It began, as most forms of Internet frontier justice do, with a post that spurred outrage. Ocean Marketing, a firm that had promised to deliver an Avenger game controller before the Christmas holidays, failed to live up to its pledge. People did not get their controllers. There was an email exchange whereby aggrieved parties attempted to seek restitution with Ocean Marketing. But Ocean Marketing, failing to comprehend one time-honored maxim (‘The Customer is Always Right”), decided to get huffy about rectifying its mistakes, with the company’s representative becoming mind-numbingly arrogant when it came to the power of memes and the potential for serious screwups to create viral PR nightmares. The result was a public outcry and subsequent investigation that revealed even more astonishing sins, including plagiarism and phony charities.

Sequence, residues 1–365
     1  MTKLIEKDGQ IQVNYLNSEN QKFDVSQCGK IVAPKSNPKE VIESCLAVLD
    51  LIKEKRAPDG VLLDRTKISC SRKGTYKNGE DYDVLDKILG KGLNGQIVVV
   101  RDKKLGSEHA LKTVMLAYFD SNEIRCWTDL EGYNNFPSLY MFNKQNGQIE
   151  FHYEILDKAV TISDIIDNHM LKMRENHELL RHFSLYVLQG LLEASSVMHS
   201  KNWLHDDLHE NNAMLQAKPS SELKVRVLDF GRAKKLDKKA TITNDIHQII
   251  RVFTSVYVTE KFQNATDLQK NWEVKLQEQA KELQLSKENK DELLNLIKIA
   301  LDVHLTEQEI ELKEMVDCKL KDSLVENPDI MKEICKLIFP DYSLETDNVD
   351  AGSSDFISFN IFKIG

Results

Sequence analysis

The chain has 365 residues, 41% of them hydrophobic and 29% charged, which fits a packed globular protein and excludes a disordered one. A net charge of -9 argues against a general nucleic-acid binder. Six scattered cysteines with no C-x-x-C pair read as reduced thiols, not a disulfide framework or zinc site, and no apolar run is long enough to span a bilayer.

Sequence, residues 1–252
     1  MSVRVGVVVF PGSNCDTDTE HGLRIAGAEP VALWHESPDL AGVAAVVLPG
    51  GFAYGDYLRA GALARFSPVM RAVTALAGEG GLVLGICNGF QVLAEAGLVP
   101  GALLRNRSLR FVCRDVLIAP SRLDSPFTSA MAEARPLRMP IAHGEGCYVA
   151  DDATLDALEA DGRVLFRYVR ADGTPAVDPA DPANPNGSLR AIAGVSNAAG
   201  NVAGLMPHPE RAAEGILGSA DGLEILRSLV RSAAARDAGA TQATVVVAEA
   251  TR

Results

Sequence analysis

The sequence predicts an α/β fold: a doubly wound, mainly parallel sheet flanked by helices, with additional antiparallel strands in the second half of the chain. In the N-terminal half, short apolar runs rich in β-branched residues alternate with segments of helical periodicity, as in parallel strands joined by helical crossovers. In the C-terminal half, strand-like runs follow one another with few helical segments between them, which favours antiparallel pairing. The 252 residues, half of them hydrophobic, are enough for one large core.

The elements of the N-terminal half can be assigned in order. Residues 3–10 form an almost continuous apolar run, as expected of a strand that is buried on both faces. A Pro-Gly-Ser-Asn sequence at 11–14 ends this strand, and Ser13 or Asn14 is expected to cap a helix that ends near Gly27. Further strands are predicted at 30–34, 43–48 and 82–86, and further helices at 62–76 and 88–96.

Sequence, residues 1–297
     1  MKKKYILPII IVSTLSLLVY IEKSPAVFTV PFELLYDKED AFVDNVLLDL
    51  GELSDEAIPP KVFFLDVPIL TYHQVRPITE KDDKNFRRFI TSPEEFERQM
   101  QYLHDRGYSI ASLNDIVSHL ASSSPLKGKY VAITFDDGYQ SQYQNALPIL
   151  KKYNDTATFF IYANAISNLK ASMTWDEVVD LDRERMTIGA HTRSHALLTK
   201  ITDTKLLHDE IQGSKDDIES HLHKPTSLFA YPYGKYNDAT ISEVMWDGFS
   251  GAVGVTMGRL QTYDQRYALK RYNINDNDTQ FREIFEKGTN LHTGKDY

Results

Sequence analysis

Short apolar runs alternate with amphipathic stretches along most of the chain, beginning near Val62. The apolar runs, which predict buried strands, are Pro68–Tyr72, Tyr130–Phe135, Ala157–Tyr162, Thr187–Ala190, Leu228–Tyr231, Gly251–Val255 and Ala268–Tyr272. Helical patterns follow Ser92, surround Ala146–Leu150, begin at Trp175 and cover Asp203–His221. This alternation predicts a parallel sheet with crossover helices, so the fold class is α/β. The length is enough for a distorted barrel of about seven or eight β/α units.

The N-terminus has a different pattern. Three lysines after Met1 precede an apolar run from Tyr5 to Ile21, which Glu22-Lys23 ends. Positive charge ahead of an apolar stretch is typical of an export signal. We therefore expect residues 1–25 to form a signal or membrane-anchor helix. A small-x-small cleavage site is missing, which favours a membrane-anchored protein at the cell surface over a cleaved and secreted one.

In other words, the whole Ocean Marketing mess quickly became a veritable rabbit hole: a fascinating and time-consuming parable on how a representative’s poor conduct revealed a company’s true disgrace buried not especially deep beneath the dirt.
Others have done a commendable job of following this ongoing story. So in an effort to provide the appropriate journalistic context, I have performed several dramatic readings of the more snottier Ocean Marketing emails. I hope that my performances have appropriately represented the smarmy and self-serving behavior which galvanized this mighty electric storm. (Please note that I have replaced all instances of “LOL” with suitably melodramatic laughter.)